Alberta adds hospitals and other health care providers to protected infrastructure list


The Alberta government added hospitals and other facilities that provide health services to its list of protected infrastructure Tuesday.

Premier Kenney announced the additions to the province’s Critical Infrastructure Defence Act, which allows the government to enforce trespassing, interfering with operations, construction and causing damage.

“Recent protests at hospitals have revealed the need to keep health-care workers safe and to make sure Albertans can receive critical care when they need it,” Kenney said, in a release. “All Canadians have the right to peaceful protest, but blocking ambulances and preventing people from getting treatment is definitely not peaceful. Law enforcement is now fully empowered to make sure hospitals and health facilities are safe.”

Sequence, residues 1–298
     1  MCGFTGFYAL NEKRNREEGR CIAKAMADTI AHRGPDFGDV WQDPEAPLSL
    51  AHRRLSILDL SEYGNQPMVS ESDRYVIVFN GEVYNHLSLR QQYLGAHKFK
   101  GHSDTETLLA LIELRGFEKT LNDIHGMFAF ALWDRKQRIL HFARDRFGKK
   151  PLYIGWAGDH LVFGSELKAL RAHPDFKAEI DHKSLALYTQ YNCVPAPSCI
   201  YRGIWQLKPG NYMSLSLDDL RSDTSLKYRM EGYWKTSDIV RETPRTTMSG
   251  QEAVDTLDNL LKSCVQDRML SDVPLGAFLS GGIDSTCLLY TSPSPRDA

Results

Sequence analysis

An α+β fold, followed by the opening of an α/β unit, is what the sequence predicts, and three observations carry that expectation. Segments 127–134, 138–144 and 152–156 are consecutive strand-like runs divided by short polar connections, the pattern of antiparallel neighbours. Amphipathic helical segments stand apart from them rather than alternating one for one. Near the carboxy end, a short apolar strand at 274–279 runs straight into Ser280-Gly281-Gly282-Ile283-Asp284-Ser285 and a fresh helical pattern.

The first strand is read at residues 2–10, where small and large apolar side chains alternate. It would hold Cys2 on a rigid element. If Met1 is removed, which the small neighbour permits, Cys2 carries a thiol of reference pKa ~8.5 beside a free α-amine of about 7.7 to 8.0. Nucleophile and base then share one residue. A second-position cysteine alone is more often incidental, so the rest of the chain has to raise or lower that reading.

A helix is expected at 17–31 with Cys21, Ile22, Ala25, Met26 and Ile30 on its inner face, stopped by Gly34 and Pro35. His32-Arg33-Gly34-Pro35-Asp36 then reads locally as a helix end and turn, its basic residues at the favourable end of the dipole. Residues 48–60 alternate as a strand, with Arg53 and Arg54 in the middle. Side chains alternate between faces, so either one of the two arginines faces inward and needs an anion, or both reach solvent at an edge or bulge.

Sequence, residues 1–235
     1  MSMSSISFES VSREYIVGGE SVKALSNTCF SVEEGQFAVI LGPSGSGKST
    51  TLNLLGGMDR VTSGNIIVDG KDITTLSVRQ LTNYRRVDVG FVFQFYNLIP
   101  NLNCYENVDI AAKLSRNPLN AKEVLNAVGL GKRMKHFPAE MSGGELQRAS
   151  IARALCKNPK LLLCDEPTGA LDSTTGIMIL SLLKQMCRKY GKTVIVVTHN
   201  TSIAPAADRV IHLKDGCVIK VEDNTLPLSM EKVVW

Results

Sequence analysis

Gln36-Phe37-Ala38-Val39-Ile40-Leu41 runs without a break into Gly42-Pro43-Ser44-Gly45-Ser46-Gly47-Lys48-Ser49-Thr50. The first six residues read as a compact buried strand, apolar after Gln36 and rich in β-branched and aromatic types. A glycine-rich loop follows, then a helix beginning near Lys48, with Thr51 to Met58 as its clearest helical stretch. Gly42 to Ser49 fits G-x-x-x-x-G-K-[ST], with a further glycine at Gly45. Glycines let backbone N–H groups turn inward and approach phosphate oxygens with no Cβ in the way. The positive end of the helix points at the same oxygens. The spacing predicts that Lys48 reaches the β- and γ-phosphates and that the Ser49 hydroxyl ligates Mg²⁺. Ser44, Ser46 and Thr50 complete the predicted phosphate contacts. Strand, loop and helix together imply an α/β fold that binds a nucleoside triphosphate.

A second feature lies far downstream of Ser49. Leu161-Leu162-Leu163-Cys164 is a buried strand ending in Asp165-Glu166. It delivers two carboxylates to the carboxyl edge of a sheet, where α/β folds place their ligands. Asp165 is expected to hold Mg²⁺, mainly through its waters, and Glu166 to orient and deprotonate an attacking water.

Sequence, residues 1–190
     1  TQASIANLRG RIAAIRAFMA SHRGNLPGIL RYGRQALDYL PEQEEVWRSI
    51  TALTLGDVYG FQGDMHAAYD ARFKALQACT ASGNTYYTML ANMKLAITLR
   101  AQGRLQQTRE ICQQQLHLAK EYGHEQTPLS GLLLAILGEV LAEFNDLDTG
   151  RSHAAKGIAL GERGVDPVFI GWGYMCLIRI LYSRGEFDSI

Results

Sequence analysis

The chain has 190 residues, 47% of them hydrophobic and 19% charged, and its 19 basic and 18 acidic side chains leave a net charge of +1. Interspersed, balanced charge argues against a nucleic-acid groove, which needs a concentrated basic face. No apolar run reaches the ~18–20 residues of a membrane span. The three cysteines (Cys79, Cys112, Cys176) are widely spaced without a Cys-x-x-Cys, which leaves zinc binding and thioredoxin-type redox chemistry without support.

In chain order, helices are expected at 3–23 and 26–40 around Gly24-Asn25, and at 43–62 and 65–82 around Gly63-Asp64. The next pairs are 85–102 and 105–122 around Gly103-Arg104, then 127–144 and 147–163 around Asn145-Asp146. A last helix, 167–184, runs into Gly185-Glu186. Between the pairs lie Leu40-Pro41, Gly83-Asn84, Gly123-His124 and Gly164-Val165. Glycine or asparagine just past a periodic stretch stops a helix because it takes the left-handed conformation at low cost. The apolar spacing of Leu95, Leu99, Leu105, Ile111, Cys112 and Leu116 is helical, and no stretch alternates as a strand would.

Justice Minister Kaycee Madu addressed the issue as well, saying that protests were not banned, but that any effort made by protesters at obstruction of health care workers would be prosecuted.

“It is dangerous for anyone or group to hamper the ability of Albertans to access health care when they need it. This is another tool for law enforcement to ensure our hard-working health-care professionals can do the work we are so grateful for.”

Penalties for individuals are a minimum fine of $1,000, and up to $10,000 and $25,000 for first and subsequent offences respectively or up to six months in prison, or both.

For corporations, a minimum fine of $10,000 and up to $200,000.

“Hospitals need to be protected for people seeking vital health care and services, and for the health-care workers dedicated to providing that care day in, day out,” said Health Minister Jason Copping. “Alberta’s government is taking this important step to ensure staff, patients and families all have safe, quick access to the facilities and services they need without added stress and fear over disruption or intimidation.

“By protecting essential infrastructure,” Copping added, “we are protecting and strengthening access to public health care.”

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